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Jason_Roberts
2009-May-02, 08:38 PM
The Astrophoto stereograms are just about the coolest thing I have ever seen. I love them. Example. (http://www.universetoday.com/wp-content/uploads/2009/02/ngc6543parallel.jpg)

I was wondering if whoever makes them could reveal how they are done. I tried just mirroring an image next to itself alone won't do the trick. There are certain features of the image that are made to stand-out while ones on the other image are made to appear "behind" those objects.

Is there a program someone uses to create stereograms?

I would be really interested in how these are done.

trevorw
2009-May-06, 07:27 AM
This is was done using Photoshop is this what you had in mind

Regards

Jason_Roberts
2009-May-06, 07:22 PM
This is was done using Photoshop is this what you had in mind

Regards

I see you tried to attach an image, but for some reason it didn't show up in the post.

EDIT: I can see it now.

Yup. I mean those.

I tried just mirroring an image next to itself, but I had no luck in creating the same effect where specific areas where made to stand out more than the others. I figure one image is off-set or changed in some barely noticeable way to complete the illusion.

For instance the image you posted actually appears to be very flat, whereas the one shown here (http://www.universetoday.com/wp-content/uploads/2009/05/ic4406-parallel.jpg) has a very clear and 3-dimmensional concave "bow" towards the center of the nebula. The 3D effect is even more apparent in this image. (http://www.universetoday.com/wp-content/uploads/2009/04/ngc602-parallel.jpg)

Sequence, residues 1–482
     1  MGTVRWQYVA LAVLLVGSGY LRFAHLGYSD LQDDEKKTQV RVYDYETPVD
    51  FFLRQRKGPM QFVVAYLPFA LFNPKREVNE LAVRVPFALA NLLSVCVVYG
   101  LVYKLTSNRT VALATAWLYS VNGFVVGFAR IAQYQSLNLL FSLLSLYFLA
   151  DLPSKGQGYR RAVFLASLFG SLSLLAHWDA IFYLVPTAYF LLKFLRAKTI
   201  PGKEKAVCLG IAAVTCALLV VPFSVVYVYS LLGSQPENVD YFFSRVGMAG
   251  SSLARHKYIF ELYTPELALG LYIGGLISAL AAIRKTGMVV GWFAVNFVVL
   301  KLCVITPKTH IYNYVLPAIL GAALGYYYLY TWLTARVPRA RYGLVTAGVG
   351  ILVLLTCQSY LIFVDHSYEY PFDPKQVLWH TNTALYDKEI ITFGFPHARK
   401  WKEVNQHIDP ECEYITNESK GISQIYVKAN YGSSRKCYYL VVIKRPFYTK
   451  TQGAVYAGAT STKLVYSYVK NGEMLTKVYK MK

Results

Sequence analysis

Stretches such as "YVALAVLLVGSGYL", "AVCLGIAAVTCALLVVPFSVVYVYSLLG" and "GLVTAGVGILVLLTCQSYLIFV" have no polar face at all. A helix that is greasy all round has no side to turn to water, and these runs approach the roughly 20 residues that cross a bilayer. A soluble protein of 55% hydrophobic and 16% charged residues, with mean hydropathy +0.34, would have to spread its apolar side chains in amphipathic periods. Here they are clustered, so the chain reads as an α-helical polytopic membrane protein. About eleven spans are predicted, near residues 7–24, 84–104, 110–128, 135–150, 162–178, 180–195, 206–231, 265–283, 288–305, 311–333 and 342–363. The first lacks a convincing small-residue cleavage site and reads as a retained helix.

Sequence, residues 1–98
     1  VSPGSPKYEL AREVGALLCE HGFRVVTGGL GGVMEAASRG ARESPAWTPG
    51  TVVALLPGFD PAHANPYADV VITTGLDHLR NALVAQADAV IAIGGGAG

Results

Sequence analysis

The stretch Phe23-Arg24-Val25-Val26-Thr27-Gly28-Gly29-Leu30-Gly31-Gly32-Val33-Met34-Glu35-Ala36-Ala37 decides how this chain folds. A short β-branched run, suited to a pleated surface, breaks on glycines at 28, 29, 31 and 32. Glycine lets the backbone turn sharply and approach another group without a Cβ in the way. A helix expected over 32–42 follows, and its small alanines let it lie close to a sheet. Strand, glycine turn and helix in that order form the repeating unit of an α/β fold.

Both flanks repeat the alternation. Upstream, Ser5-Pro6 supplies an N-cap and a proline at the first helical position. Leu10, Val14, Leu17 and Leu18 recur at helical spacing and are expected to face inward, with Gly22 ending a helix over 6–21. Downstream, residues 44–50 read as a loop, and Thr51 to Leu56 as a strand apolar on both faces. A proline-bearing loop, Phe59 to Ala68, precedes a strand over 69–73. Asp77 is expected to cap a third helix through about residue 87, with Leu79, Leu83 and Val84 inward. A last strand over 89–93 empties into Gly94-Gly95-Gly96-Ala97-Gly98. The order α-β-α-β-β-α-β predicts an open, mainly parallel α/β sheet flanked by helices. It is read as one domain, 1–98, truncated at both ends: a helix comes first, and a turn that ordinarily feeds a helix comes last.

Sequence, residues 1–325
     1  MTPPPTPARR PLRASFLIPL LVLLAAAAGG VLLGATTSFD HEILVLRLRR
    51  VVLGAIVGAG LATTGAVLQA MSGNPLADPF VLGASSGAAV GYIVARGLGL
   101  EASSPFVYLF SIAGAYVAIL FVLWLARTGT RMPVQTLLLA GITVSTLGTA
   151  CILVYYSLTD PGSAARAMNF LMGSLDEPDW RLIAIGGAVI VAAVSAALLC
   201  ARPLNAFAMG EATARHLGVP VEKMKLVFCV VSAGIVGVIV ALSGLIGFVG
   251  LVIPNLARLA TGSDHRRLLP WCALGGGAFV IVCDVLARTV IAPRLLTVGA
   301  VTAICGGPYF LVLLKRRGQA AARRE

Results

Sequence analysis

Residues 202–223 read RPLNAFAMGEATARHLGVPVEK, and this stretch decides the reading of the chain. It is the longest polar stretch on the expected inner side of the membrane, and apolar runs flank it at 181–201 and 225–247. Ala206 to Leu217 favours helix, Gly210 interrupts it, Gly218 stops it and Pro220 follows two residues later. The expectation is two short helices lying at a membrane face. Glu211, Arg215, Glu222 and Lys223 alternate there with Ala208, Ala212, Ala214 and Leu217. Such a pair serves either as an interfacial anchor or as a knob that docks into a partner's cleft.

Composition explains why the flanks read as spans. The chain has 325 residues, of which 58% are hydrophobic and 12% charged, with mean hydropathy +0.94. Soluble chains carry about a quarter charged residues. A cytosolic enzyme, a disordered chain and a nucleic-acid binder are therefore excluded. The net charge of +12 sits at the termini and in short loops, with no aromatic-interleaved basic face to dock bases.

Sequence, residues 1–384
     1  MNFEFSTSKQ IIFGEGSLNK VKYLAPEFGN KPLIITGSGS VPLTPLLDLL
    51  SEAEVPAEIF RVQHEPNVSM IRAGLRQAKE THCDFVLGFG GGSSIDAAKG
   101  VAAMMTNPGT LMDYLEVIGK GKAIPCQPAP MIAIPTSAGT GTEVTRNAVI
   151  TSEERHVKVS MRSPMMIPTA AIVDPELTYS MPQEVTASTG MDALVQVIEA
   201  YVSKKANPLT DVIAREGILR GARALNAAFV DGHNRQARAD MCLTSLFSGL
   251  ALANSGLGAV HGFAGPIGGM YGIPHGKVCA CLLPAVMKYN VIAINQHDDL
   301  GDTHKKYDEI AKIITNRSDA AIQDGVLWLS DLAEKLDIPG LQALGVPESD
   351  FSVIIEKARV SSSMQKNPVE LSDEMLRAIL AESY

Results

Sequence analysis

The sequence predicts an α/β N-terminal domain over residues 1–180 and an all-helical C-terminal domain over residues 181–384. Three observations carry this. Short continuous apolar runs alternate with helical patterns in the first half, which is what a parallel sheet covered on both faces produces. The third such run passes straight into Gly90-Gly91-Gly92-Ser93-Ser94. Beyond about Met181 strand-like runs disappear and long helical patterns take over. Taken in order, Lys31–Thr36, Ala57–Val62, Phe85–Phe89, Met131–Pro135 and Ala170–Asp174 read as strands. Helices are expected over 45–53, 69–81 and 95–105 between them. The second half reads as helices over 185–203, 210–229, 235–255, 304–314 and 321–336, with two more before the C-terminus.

I might need to upgrade from the "magic eye" illusions and just get a pair of those silly glasses.

mahesh
2009-May-28, 11:55 AM
Hey JR / trevorw....

these are lovely three dees!

I just thought of Nyberg's Apollo compositions...but they aren't strictly 3-Ds, but have great effect.
They are stitched / scanned from the original Hasselblads
http://www.panoramas.dk/moon/mission-apollo.html

Another thought, of a distinguished stereo-astrophotographer, Jukka Metsavainio, whose compositions have graced the BAUT board and UT newsletters. Perhaps you could touch base with him (guru-wise), for further tuition / guidance, as it were.
http://www.universetoday.com/wp-content/uploads/2009/05/fullmoon_parallel-copy.jpg

Back in the seventies, Viking landers on Mars, I was given a NASA book, of fantastic photographs of Martian surface, with a large bunch of them three-dimensional. My knees still go jelly, looking at them. I am there.

mahesh
2009-May-28, 12:10 PM